Because Somervell County’s burn ban was lifted on Nov. 8, we can just ignore fire safety guidelines, right? Absolutely wrong.
Fire marshal Mark Crawford noted that two controlled burns on opposite sides of the county got out of control just last week.
Crawford, who is also the fire chief of the Somervell County Fire Department, warns that various factors such as wind and humidity can turn a necessary task into a highly risky endeavor.
“Wind conditions can change and catch you off guard,” Crawford said. “The fire department knows all too well how fast a fire can get away from someone and cause damage to their own neighboring property.”
Crawford recalled bad fire seasons in 2007 and 2011 as examples of the damage — and even dreaded home evacuations — that can result from blazes that get out of control.
“The last big fire burned over 4,500 acres,” said Crawford, who recently was named fire marshal when Dwayne Griffin became the chief deputy for the county’s new Sheriff Alan West. “We had to have the state come in with airplanes and helicopters for assistance. We utilized city and county bulldozers to finally stop the fire as it was entering our county from Bosque County.
“We ended up evacuating ‘The Oaks’ neighborhood when spot fires were starting from landing embers. After the fire, the State Forestry Service gave a full report to our Commissioners Court and stated that this fire was the largest one in the state that did not burn down a house that year. We were very proud as a fire department for the work we did.”
Key tips offered by the National Fire Prevention Association for fire safety around the home include: a home grill placed too close to anything that can burn is a fire hazard; clear away leaves from gutters, eaves, porches and decks; remove dead vegetation and other items from under your deck or porch, within 10 feet of the house; wildfires can spread to trees, so prune them so that the lowest branches are 6 to 10 feet from the ground.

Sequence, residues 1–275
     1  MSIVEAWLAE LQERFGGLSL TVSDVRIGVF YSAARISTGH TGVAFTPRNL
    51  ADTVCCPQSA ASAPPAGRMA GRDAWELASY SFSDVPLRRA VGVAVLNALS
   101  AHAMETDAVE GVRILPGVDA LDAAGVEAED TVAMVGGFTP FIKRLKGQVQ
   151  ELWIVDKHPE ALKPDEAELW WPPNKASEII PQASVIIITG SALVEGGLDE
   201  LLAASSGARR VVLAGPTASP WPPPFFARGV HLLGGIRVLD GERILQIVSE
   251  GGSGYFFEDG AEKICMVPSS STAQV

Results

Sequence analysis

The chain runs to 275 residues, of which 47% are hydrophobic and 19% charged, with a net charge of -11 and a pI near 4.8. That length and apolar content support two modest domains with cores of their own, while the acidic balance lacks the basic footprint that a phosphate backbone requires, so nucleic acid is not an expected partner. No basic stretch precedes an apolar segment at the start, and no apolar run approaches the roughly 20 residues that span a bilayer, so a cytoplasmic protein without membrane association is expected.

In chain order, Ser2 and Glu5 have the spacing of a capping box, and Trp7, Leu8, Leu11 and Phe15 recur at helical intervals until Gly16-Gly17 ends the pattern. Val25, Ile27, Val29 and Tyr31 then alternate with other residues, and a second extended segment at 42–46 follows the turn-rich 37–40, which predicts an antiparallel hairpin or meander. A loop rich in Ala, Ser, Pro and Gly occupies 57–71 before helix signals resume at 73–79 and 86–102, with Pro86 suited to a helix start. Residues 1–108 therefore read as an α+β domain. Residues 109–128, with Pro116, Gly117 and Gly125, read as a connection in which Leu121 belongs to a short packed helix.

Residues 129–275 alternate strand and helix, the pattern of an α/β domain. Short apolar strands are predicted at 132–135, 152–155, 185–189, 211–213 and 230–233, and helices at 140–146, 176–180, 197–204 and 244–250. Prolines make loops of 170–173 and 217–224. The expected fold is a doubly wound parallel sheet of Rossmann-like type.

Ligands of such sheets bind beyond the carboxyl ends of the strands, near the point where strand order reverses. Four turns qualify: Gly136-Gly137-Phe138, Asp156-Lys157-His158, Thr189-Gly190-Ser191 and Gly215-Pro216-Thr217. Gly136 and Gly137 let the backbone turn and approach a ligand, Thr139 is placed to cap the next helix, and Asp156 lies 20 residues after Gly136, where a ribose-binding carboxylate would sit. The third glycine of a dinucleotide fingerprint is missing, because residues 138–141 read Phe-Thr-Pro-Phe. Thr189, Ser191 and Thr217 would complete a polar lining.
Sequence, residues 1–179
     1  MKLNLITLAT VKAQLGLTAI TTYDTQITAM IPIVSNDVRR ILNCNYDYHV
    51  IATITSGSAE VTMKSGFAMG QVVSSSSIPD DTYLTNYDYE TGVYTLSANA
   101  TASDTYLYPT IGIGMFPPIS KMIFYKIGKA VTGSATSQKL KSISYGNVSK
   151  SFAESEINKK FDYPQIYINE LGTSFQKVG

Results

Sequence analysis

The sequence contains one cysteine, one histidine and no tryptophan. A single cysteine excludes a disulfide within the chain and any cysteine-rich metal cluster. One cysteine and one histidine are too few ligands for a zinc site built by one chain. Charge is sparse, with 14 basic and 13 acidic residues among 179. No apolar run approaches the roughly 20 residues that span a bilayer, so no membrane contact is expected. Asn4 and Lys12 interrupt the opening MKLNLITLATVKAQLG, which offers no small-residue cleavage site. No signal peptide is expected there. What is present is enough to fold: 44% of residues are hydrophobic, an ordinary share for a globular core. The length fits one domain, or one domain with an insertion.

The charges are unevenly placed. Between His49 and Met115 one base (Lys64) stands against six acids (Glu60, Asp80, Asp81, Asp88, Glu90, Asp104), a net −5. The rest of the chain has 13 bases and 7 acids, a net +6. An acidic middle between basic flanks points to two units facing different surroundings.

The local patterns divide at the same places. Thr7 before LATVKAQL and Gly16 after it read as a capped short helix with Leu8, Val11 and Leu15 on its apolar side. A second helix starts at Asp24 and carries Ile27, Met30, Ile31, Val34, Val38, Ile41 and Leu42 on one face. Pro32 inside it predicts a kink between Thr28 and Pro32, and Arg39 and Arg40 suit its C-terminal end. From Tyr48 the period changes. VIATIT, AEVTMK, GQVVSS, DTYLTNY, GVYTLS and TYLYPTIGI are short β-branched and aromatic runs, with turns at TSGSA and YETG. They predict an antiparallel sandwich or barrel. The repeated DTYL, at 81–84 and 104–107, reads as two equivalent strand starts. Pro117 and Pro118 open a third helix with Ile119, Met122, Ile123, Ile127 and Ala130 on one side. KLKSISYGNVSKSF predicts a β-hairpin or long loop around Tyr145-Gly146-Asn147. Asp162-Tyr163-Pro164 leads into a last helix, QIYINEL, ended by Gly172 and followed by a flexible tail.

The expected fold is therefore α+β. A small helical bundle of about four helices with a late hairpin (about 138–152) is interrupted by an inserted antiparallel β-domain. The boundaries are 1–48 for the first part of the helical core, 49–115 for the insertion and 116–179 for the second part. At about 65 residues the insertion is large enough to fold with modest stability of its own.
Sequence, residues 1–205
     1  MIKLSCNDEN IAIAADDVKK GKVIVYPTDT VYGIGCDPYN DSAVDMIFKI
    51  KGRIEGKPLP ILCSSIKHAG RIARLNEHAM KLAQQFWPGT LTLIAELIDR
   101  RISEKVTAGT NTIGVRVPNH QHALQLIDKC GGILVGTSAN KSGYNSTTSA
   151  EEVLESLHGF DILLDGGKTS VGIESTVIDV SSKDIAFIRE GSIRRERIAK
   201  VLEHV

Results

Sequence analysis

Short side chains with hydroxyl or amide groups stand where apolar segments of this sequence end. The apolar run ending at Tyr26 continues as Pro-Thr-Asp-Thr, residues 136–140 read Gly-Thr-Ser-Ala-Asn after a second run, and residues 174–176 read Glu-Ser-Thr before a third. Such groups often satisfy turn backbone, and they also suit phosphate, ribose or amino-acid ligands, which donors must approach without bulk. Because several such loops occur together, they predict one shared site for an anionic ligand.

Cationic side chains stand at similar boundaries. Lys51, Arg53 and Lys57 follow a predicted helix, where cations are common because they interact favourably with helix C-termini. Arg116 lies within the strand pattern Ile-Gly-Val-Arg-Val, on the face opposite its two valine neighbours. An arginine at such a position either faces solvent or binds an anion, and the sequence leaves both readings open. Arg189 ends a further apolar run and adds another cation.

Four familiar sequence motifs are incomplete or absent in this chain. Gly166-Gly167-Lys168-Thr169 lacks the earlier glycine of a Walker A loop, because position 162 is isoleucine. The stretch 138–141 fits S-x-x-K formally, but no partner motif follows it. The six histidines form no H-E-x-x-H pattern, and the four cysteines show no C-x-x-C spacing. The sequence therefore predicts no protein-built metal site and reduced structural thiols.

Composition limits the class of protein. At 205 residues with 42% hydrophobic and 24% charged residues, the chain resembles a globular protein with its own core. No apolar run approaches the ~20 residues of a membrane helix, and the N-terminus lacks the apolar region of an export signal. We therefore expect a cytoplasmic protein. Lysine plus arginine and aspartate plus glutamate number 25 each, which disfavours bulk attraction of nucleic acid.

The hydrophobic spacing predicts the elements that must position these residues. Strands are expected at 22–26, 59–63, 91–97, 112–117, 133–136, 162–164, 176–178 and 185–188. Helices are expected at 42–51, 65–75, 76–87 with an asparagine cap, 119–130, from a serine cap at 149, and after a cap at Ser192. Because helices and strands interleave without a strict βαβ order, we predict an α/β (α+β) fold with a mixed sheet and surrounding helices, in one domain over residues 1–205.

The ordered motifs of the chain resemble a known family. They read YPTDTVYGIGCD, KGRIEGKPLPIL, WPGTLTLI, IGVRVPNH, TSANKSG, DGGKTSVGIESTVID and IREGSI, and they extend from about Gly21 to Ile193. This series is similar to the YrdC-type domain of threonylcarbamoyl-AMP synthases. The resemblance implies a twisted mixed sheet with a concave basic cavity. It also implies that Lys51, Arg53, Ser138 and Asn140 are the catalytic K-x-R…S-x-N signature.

Crawford said he has a farm, so he understands the need for outdoor burning — but everyone still must follow the laws.
He stated that he has “the obligation to protect the environment, promote public health and safety, and avoid nuisance conditions through the sensible regulation of outdoor burning.”
Penalties for illegal outdoor burning by an individual in violation of the Texas Clean Air Act can be severe, especially when it comes to air contaminants from such acts as burning tires. A felony incidence of “intentional” or “knowing” endangerment with air contaminants from an outdoor fire by an individual can carry a fine of up to $500,000 (and/or five years confinement). A “special misdemeanor” fine could range as high as $50,000 (and/or six months confinement) for an individual.
Crawford said Somervell County firefighters are certified to National Forestry Firefighting standards.
“This is above and beyond what most fire departments train to, but we do it because we are right on the edge of Hill Country and want to be prepared for the worst. Our department belongs to TIFMAS (Texas Intrastate Fire Mutual Aid System). We are certified to deploy anywhere in the state on large incidents and in return can call in likewise resources into our county if necessary.”
Crawford wants the public to know the rules and guidelines for legal outdoor burning to ensure everyone’s safety. Here are the laws pertaining to outdoor burning in Texas, as established by the Texas Commission on Environmental Quality (TCEQ):
Rules For Outdoor Burning
No burning inside city limits
No burning within 300 feet downwind of a neighboring structure.
Wind must be between 6 mph and 23 mph.
Burning must be no earlier than one hour after sunrise, or one hour before sunset.
Burning can only be of natural materials grown on your property.
No trash burning of any sort.
Must notify Sheriff’s Office of your intent to burn.
Burning cannot create a traffic hazard or a nuisance to anyone.
Note: See Texas Commission on Environmental Quality RG 049, Page 11.